You may be interested to know that Flaxmere was sited on the identified least productive/ valuable plains land (the Gimblett gravels appellation). This land became the most valuable by far plains land for wine grapes.

    The point: what is ‘productive’ can ebb and flow a bit – there is really no once and for all land status … what land might be good for in the future is not necessarily foreseeable. There may be crops not trialed in NZ, foods not yet in vogue or productive systems not yet invented. These considerations will impact on food productive land prioritisation in the future.

    All land is ‘productive’ by the way, be it socially or economically for factories, housing, recreation, timber trees or carbon credits, scrub, etc. With regards to the plains we are talking food production and the broader economic and social outcomes for Hawke’s Bay and NZ.

    On the plains, the land resource to the best of my knowledge is not well defined. From my recent Plan Change 46 submission:

    I may be in error but has valuation roll/ public record (HBRC) attainable information been assembled and well-analysed (and published by HDC)? This would include the Plains land stock and use trends facts of:

    – total Plains soils resource extent net of streams and rivers in hectares (ideally by soil type/ qualities)

    – total soils taken up by rail corridors and road infrastructure

    – total consumed by community and urban land uses (Hastings City etc)

    – total usurped by commercial and industrial uses of land (Whakatu etc)

    – net of above uses, Plains Rural Zone productive land area available (total available soils resource ideally by collated soil type per HBRC maps and/or valuation roll detail)

    – average Plains Zone holding/ title area (and perhaps also by common ownership entity for the major players)

    – extent of soils resource impacted by buildings (residential and other extractable per valuation roll data), internal access and storage areas (sampling ratios estimated)

    – per the above productive soils (hectares and percentage) land currently lost to the Plains

    – trends per the gleaned land use statics (rates of loss hectares and percentage and ideally by soil type)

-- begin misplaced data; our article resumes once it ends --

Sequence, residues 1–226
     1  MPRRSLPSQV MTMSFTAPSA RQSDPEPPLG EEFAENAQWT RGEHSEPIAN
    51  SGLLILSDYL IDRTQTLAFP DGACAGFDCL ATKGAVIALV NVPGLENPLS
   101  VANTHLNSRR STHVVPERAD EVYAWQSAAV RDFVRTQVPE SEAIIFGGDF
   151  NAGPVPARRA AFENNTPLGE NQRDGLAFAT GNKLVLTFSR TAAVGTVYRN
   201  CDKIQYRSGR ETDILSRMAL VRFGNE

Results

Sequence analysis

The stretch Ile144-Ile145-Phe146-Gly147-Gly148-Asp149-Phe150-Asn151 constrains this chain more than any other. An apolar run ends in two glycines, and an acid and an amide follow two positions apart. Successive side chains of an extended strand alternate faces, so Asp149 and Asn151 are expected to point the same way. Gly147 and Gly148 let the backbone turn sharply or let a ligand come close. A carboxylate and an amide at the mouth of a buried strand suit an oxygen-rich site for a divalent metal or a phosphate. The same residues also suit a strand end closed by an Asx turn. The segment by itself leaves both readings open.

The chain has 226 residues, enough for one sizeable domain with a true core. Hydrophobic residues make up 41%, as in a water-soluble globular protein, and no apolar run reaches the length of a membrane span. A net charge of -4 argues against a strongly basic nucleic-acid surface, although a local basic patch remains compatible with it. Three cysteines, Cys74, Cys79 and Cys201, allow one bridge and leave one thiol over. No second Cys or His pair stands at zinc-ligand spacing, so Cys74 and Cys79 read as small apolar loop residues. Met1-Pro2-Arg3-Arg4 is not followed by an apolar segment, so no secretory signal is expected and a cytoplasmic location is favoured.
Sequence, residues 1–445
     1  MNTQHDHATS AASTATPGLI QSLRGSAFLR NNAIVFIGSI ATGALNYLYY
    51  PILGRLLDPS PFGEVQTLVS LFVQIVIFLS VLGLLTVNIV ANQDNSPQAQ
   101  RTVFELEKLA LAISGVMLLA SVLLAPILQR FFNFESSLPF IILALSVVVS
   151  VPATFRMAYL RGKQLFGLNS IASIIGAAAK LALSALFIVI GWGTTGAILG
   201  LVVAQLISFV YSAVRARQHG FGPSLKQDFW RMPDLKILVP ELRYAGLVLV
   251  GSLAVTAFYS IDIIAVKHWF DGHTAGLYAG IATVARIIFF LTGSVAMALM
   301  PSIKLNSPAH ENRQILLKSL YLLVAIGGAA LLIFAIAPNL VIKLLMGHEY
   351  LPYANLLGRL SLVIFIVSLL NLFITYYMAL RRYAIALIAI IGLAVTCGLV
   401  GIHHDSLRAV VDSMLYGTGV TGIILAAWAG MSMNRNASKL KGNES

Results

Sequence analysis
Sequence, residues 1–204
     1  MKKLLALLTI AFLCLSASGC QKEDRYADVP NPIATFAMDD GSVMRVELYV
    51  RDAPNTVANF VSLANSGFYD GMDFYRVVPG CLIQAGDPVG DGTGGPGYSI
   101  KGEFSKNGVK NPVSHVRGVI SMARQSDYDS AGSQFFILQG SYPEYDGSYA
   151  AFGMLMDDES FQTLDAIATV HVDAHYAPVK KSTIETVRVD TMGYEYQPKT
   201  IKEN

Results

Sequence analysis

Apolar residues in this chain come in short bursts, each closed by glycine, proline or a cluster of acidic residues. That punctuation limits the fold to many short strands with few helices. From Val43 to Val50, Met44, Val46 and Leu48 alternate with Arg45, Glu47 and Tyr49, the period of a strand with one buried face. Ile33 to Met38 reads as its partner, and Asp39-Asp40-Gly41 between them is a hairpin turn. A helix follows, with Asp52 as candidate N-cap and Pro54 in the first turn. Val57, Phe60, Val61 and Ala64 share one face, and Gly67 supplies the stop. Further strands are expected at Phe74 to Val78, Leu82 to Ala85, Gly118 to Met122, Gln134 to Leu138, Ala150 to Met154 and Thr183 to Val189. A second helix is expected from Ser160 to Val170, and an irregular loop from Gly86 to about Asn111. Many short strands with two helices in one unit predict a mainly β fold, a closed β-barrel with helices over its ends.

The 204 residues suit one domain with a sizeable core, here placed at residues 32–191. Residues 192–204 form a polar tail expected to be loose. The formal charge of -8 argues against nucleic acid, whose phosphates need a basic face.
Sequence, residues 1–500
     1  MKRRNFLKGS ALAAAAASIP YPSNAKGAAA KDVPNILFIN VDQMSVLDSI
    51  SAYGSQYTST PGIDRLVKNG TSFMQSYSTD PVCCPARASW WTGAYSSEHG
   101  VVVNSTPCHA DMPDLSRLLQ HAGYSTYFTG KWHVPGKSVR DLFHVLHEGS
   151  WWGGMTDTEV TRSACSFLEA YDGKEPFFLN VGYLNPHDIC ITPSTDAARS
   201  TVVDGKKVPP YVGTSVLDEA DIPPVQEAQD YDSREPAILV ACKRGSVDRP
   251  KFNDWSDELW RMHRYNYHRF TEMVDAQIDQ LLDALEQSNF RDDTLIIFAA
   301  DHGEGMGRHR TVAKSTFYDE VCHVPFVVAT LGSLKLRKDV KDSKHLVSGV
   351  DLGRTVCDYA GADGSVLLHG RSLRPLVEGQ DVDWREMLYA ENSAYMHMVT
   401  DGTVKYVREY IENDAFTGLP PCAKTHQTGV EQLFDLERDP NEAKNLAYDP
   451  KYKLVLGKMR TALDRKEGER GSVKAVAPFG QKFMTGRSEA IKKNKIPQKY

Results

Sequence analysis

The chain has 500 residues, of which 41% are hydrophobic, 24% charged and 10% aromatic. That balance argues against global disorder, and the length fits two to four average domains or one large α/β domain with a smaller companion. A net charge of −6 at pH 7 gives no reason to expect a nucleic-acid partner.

Without this kind information (even if not soil types differentiated), it is not really possible to plan properly, well and intelligently for the Plains. Rules formed or changes made without this information are by definition not well-based and that is not good enough. The Heretaunga Plains soils resource is far too important.

    Pat Turley

  3. As Chairman of the Land Protection Society I am pleased to see the response to your comment Tom.

    We do have facts and we need to have proper recognition of this valuable resource.Only 4% of NZ's land is of Class 1&2 soils and is flat. Is that a finite resource or what?

    HDC just can't grasp the importance.I have estimated there is a further 250ha that could be lost very soon.

    Some areas such as Twyford and Pakowhai with the top soils just should not be used for industrial and commercial.

    The fight continues.

  4. Go Tom!!!!! I love this stuff!!!

    There are two other issues connected with this retirement village that need airing.

    1. Where is a coherent plan by local councils to control developers' ideas of acceptable housing? Do we want this hideous American model? [Compare old Havelock North to new.] Why should developers get all the say about how our environment develops just because they meet council requirements on drainage and roading?

    2. Don't automatically accept that private retirement villages are the B all and End all of the elderlies problems. The truth is that they have no option often and private retirement villages use the excuse that they are responsible to their shareholders to fleece their residents. Take a closer look at what residents have to sign away before they can buy in there.

    Sylvia

  5. HDC Hearings Committee Chairman Mick Lester has correctly challenged my imprecision in this post.

    Two of the examples I cite, the HB Golf Club (which I referred to as the Bridge Pa golf course) and the sports park are instances where the Council as a whole, not its Hearings Committee, have taken a position on appropriate land use.

    In the first instance, it is a hearings commissioner who was overturned by the Environment Court (with the Council supporting the position that was overturned). In the case of the sports park, again it is the Council's position that is before the independent commissioners.

    In all fairness, my accusation of "hopscotching" on location issues should be directed at the Council as a whole, not the Hearings Committee.

    So I stand corrected on the target of my criticism, but stand firmly by its substance.

    Tom